Robotic Exoskeleton Dramatically Improves Life of Stroke Victim
Steve Adubato goes on-location to the Kessler Foundation’s "Life After Stroke" event to talk with Stroke Robotic Exoskeleton participant, Howard Rossman, about the ways the exoskeleton machine has helped him regain movement in his body. Steve also talks with David Knowlton, retired head of the N.J. Health Care Quality Institute, about the stroke that affected his life, and the impact of quick response time that limited negative effects.
"One of the great things about this conference, this Kessler Foundation Conference, Life After Stroke, cause you get to meet some pretty special people, this gentleman on my left I've seen before, but he's joining us now, he is Howard Rossman, a stroke robotic exoskeleton participant now, that's just your description of you, but this exoskeleton equipment, and we were talking to Doctor Nolan who's actually right behind you and she described it in detail but you're wearing it? Yeah. Describe what it's like to be in it. To be in this is wearing a body brace, that is self directing of my feet in a timed manner. Because I have no movement in my left leg when I started using this. And up until this year, this device was not used for traumatic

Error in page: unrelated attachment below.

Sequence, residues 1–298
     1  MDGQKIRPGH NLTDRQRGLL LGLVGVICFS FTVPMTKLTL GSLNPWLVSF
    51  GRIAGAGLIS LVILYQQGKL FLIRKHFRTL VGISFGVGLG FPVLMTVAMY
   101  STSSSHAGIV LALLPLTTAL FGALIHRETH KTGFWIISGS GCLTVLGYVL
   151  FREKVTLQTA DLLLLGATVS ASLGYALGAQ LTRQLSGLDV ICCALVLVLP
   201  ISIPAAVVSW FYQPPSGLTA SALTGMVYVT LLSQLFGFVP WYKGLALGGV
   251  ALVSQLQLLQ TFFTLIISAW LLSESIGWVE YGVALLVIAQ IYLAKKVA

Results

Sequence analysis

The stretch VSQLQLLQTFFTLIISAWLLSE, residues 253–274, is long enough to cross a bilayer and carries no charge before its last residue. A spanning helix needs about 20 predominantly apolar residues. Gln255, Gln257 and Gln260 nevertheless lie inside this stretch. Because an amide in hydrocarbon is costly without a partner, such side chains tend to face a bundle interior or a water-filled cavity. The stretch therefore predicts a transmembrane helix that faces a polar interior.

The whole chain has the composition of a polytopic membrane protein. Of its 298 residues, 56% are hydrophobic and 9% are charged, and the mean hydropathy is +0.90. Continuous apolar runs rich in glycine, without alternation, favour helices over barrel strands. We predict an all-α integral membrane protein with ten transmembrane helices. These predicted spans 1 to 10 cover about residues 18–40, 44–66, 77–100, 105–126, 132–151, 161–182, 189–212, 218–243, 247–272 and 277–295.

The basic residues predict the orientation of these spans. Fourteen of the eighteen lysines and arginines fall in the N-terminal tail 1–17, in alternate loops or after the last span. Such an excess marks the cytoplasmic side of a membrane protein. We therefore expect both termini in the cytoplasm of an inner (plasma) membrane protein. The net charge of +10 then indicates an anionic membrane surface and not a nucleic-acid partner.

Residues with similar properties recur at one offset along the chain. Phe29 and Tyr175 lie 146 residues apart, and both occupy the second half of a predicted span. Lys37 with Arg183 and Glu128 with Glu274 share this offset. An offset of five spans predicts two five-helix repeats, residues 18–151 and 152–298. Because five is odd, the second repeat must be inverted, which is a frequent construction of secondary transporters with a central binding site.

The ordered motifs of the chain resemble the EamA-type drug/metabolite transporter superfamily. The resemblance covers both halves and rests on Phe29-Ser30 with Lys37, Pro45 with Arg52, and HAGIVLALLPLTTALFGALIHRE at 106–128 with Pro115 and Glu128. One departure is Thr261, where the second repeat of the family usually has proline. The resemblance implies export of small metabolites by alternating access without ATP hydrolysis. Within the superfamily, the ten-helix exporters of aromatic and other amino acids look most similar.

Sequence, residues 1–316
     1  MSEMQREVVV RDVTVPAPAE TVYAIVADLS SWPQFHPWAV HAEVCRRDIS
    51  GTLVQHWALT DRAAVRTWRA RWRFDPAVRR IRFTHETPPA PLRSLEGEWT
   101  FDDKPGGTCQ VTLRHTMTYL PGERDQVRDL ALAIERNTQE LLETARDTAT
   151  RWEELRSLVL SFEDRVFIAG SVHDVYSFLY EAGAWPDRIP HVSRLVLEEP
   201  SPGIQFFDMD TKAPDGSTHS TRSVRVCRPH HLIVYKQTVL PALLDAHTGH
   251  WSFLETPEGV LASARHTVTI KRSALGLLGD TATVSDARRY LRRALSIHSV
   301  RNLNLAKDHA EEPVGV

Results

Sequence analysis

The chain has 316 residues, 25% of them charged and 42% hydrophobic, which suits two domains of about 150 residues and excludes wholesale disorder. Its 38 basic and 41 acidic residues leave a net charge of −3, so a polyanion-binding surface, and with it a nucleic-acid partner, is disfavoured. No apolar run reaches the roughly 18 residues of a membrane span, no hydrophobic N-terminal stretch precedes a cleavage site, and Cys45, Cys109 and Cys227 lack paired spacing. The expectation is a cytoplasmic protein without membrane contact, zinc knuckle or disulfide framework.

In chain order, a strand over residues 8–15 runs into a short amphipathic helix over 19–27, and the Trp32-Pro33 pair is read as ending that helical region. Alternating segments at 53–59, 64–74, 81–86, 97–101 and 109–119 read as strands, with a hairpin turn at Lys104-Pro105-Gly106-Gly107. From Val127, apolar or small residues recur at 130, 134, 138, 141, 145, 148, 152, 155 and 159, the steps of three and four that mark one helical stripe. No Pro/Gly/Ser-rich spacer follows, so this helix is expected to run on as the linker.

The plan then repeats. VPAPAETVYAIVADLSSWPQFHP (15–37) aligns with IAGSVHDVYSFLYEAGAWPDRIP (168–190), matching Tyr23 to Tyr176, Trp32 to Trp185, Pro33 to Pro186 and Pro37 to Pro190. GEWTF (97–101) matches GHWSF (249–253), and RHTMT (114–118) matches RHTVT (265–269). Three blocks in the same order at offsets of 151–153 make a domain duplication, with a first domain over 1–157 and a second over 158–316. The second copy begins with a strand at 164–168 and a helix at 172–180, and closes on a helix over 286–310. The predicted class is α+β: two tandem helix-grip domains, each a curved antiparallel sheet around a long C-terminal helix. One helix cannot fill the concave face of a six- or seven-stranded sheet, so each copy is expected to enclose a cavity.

stroke victims. And so they started this year, and it gave me the incentive and motivation to see that I can use my left leg again, which I didn't know I could. And this has helped me. Howard, you experienced a stroke when? April 9th this year, ten weeks ago from Saturday. What was your life like before that? Very active, very... before the day of the stroke, I went to a little league game to see my grandson play, and we'd gone out for dinner, and we were watching TV at night, I felt wobbly, fell asleep, and woke up in the middle of the night and had fell to the floor and realized I was having a stroke. So I was working full time as a substitute teacher, running a travel agency, having a beautiful life. This exoskeleton, and I've seen people walk in it before, but I've never really had the chance to talk to someone who's in it and moving. When you first got in it, describe that experience. The experience was anxiety and apprehension, because I thought that I might fall. But apparently not. They gave me the cane to wear, and there were two people on either side with their controls, and they had a backup with a wheelchair, in case I were to fall backwards. So they gave me the confidence, and I probably walked about 150 steps the first time I used it. And then I was trying to buy more time to get on it! [laughter] Because it's a very popular machine. Yeah. Everyone wanted to be on it? Yes, that is correct. Or in it? In it. Yeah. And describe your ability now in the exoskeleton..."